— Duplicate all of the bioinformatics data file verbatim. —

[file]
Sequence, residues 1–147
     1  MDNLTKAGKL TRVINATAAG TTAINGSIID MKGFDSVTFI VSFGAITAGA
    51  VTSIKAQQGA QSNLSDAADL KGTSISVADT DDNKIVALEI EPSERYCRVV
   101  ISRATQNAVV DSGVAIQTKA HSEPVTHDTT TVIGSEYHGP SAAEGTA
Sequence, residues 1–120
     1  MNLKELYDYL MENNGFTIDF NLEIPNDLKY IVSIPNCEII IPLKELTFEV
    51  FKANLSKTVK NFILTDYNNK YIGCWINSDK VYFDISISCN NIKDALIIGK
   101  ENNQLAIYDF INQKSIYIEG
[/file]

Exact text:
Sequence, residues 1–147
     1  MDNLTKAGKL TRVINATAAG TTAINGSIID MKGFDSVTFI VSFGAITAGA
    51  VTSIKAQQGA QSNLSDAADL KGTSISVADT DDNKIVALEI EPSERYCRVV
   101  ISRATQNAVV DSGVAIQTKA HSEPVTHDTT TVIGSEYHGP SAAEGTA
Sequence, residues 1–120
     1  MNLKELYDYL MENNGFTIDF NLEIPNDLKY IVSIPNCEII IPLKELTFEV
    51  FKANLSKTVK NFILTDYNNK YIGCWINSDK VYFDISISCN NIKDALIIGK
   101  ENNQLAIYDF INQKSIYIEG